That concern, plus what others have mentioned about dust in the ball bearing (that will eventually gum them up terribly) makes this machine a non-starter in my book.
It's better to stick with a stationary mounted router and 'slide' the workpiece across a fixed table (IMHO).
A few replies: (1) I too was concerned that dust would foul the ball bearing drawer glides but, if you use the dust collection ports (one drafts down from the notch in the work table and the other is supported above the bit and has an integrated plexiglass guard-these are not shown on the video) they seem to keep the glides clean. I also have been using a baffle (also not shown) that protects them as well. Finally, I still periodically blow the dust that does find its way there (other sources in my shop) with my air hose. (2) Moving the router feels more natural than moving the work piece and I think it is safer than hands approaching a spinning bit. It is also easier to make repetitive cuts. Also, not shown, making tenons on long pieces is less difficult if the router moves. (3) I have not seen Mathias Wandel's You Tube clip but will check it out.
I think that a set of plans with construction details and an operating manual would answer a lot of your questions. I also have a home made video/power point presentation that may be of interest. Thanks again. I have never "blogged" before.
I used drawer slides to build a box joint fixture, had some issues. Tell me how this guy keeps the sawdust out of the ball bearings?
I have to ask, what are advantages and disadvantages of having the router half move instead of the workpiece half move?
This machine looks a lot like Matthias Wandel's:
By the way folks, OTW is the screen name of the gentleman who made the horizontal router table.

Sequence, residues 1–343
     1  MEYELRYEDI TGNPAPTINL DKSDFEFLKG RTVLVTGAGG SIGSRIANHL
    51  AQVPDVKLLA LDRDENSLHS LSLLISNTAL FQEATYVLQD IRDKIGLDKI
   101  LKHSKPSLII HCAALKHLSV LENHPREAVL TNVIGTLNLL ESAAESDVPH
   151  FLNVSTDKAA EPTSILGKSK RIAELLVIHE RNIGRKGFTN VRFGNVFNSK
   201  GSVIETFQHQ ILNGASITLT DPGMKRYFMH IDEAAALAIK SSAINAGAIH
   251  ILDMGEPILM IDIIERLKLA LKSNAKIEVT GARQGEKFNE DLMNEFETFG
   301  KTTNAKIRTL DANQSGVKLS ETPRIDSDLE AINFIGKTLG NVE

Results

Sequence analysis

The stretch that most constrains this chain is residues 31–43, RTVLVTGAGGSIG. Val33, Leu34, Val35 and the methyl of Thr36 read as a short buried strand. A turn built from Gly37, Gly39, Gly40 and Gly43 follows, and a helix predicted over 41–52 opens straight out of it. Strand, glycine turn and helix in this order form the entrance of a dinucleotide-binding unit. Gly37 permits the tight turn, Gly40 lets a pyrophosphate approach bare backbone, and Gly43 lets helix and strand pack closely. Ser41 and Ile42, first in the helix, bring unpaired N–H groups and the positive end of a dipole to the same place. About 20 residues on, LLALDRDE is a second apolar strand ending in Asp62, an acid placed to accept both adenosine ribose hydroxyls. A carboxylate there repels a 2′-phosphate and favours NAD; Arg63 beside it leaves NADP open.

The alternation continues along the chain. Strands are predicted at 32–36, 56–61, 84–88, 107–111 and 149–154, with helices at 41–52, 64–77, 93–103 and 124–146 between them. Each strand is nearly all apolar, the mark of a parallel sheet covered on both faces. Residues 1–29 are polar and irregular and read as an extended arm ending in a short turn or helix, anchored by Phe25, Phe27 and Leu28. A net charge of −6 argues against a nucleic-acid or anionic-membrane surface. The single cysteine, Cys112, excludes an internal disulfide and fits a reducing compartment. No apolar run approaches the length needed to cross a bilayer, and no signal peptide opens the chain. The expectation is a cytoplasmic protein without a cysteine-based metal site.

Thanks for the comments. I will try to log in frequently to answer questions and hopefully have plans available soon.
This machine looks superlative, small size and very accurate! I'd like to built it, so I hope the creator will make the plans available as soon as possible. Thanks in advance!
I really hope the creator will make these plans available to you, because I'd build it today!
Thanks for sharing.
Wow what wonderful gig! can't wait to see the plans to buid one! One request: I would love to see a way to integrate dust collection ont this as I am shure that others like me love woodworking and are alergic to wood dust! They say you don't choose your love....but you can choose how you can make it hapen!! Check out this guy's site (http://billpentz.com/) on dust collection I am shure he is well known but I just discovered him. Perhaps after reading his tons of research on the effects of fine wood dust one will find a way to integrate effective dust collection
by the time I would gather the all the parts and build this professor Frid and I would have built a sofa table by hand chopping all the mortises and still had the time to get started on a new bed for my daughter = other than that my mortising tool works just great without even thinking about a router. If I was doing production work I would just buy a machine. As far as the other uses it seems that a few simple jigs take care of the matter without having to find a place in my shop for another tool.